Brisbane Times; Tony Moore; October 22, 201
Denise Bradley with Ripley who was surrendered at birth to the Community Vet Clinic at Coombabah. Photo: Supplied
Having already saved thousands of animals from being euthanased on the Gold Coast and at Ipswich, the Animal Welfare League now has its sights set on Brisbane’s pounds.
Denise Bradley, the body’s state president, said they had now reached a “zero euthanasing” level for healthy animals at the two regional centres.
The Animal Welfare League has worked with Gold Coast City Council for more than 50 years and has helped Ipswich City Council reduce its euthanasing rates by 50 per cent.
On the Gold Coast, the AWL re-houses 5000 of the 10,000 animals it receives from the public and council pounds each year.
It runs a facility at Coombabah near Helensvale and charges between $250 and $350 for a wormed, de-sexed dog – below AWL estimates of $450 to $500 cost per dog to re-house.
The AWL also returns most other animals back to the Gold Coast City Council after treatment for the council to rehouse.
While the AWL claims to have recently reached a ‘zero’ euthanasia rate for healthy dogs and cats, overall 9 per cent of dogs and 24 per cent of cats are still euthanased.
That is still lower than Brisbane City Council, where at their Willawong and Bracken Ridge pounds 16 per cent of dogs and 68 per cent of cats are put down.
Ms Bradley today confirmed the AWL would bid for Brisbane’s two animal pounds.
“We have been talking to Brisbane’s council for a number of years now about the benefits of working with a welfare group that can work with them with the rehoming of pets that are not claimed by their owners,” Ms Bradley said.
“So we are really keen to be involved when the tender comes out, but of course we will have to see what the terms are and what they are asking for.”
Expressions of interest will be called on Monday.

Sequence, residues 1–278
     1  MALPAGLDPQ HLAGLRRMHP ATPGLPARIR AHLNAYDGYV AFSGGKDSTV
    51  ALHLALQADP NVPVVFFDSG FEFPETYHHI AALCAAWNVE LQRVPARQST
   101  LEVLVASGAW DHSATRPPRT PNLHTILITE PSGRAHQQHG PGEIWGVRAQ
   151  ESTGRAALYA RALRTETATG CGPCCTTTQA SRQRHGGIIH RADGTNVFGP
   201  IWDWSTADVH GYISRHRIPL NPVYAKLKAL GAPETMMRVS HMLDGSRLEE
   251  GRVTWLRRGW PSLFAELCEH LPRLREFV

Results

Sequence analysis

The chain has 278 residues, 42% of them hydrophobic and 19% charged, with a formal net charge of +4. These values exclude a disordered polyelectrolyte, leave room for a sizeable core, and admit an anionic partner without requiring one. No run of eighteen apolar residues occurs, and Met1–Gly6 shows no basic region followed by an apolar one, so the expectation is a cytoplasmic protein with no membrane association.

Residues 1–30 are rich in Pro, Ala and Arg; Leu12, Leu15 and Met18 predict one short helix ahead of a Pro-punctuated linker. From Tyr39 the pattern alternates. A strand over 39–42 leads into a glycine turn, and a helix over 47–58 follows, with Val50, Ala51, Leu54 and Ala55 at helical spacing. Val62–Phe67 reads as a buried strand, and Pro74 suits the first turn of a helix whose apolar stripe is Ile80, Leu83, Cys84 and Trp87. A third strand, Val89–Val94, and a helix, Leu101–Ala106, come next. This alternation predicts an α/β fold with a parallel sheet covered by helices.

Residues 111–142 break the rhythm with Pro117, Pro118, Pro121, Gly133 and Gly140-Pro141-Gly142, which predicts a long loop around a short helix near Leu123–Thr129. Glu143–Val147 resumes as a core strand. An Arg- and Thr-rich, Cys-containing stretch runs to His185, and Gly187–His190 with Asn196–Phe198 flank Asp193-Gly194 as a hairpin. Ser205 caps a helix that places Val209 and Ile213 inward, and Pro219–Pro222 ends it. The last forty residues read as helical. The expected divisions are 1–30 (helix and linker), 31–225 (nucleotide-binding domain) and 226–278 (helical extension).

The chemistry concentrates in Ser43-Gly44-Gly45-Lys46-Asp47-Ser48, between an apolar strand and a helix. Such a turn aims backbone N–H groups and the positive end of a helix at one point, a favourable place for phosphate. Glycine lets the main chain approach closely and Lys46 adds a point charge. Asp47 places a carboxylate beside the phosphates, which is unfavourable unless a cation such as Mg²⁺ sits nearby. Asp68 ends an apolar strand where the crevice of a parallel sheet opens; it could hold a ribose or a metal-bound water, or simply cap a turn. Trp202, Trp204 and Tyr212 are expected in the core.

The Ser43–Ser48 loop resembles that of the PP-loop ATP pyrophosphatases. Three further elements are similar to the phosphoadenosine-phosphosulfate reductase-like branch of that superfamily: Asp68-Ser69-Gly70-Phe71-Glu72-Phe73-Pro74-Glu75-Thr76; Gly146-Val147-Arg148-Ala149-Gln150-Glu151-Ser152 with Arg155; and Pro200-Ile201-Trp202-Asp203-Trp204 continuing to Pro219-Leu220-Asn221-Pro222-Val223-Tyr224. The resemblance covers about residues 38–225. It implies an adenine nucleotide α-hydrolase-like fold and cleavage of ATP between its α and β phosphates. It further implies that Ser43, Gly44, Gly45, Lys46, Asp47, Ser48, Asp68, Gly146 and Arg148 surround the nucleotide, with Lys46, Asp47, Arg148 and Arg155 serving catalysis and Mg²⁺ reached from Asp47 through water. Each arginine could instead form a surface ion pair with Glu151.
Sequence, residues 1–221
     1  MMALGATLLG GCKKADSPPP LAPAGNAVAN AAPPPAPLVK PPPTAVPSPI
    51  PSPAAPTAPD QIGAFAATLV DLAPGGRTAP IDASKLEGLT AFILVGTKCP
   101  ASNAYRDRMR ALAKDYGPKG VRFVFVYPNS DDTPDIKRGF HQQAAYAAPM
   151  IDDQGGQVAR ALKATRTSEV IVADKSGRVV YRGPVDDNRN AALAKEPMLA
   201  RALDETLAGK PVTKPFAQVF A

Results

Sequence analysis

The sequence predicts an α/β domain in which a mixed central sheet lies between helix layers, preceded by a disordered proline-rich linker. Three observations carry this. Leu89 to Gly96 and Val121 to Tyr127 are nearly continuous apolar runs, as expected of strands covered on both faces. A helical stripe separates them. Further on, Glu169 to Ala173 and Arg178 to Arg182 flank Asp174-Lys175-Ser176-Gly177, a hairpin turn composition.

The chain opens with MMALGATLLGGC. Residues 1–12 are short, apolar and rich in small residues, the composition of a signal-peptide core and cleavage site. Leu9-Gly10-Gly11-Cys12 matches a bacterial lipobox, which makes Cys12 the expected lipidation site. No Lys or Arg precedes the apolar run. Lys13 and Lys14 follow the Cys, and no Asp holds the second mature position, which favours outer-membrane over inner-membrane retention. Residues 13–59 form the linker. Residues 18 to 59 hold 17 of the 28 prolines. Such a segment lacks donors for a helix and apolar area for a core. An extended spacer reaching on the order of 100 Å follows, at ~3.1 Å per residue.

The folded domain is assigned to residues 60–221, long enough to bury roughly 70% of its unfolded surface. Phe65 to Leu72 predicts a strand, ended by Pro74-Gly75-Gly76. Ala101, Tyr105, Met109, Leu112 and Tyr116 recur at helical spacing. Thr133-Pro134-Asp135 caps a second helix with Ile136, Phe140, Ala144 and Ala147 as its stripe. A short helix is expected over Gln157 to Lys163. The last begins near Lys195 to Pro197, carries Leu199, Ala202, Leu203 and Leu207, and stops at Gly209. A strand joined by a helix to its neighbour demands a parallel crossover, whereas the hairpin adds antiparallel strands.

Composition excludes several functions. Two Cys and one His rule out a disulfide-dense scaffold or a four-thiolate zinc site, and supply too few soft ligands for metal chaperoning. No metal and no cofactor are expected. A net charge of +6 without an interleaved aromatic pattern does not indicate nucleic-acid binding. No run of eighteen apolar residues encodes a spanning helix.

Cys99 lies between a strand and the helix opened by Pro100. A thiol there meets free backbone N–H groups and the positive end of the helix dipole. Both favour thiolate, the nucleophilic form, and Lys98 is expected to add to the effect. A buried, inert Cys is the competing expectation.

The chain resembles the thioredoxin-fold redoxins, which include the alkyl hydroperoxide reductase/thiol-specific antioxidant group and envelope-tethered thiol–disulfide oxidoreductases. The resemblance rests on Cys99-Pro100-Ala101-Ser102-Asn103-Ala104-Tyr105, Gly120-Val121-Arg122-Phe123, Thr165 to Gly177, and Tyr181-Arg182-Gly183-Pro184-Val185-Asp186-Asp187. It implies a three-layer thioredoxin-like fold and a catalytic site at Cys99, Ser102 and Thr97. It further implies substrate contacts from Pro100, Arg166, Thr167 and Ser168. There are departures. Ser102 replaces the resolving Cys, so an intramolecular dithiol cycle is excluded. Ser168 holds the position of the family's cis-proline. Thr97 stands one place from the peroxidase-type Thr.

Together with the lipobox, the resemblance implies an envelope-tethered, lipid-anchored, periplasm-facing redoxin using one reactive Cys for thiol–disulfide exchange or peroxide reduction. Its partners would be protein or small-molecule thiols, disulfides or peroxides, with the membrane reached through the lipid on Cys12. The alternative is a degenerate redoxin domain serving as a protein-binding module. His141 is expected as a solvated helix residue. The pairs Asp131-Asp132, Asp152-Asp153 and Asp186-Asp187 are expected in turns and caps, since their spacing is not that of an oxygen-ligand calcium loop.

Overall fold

It costs Brisbane City Council $2.1 million to operate both pounds and estimates show its could save between $500,000 and $1 million if the pounds were outsourced.
Community Services chair Cr Geraldine Knapp said Brisbane City Council was taking in 4200 animals each year at the two pounds.
“The sad reality is many of them have to be put to sleep because we can’t find them new homes,” Cr Knapp said.
“Results show that councils who work with animal welfare experts to run their shelters have significantly reduced their euthanasia rates – something we’re very keen to address.”
Cr Knapp said council had not yet made a final decision.
“I want to stress that this is not a done deal, however it makes sense if we can rehome more animals at a lower cost to council.”
Opposition Leader Shayne Sutton warned outsourcing could cut a key council service. “Our animal shelters provide an important community service and I am concerned that outsourcing them would turn our shelters into a revenue-raising scheme with overzealous captures and exorbitant catch-and-release fees,” she said.
Cr Knapp said “animal welfare” would be highlighted over profit motive in the decision-making process and Jim Soorley looked at a similar scheme with the RSPCA in 1995.
Brisbane City Council is prepared to let its pound facilities be leased at favourable rates to increase the benefit to the animals, a council spokesman suggested.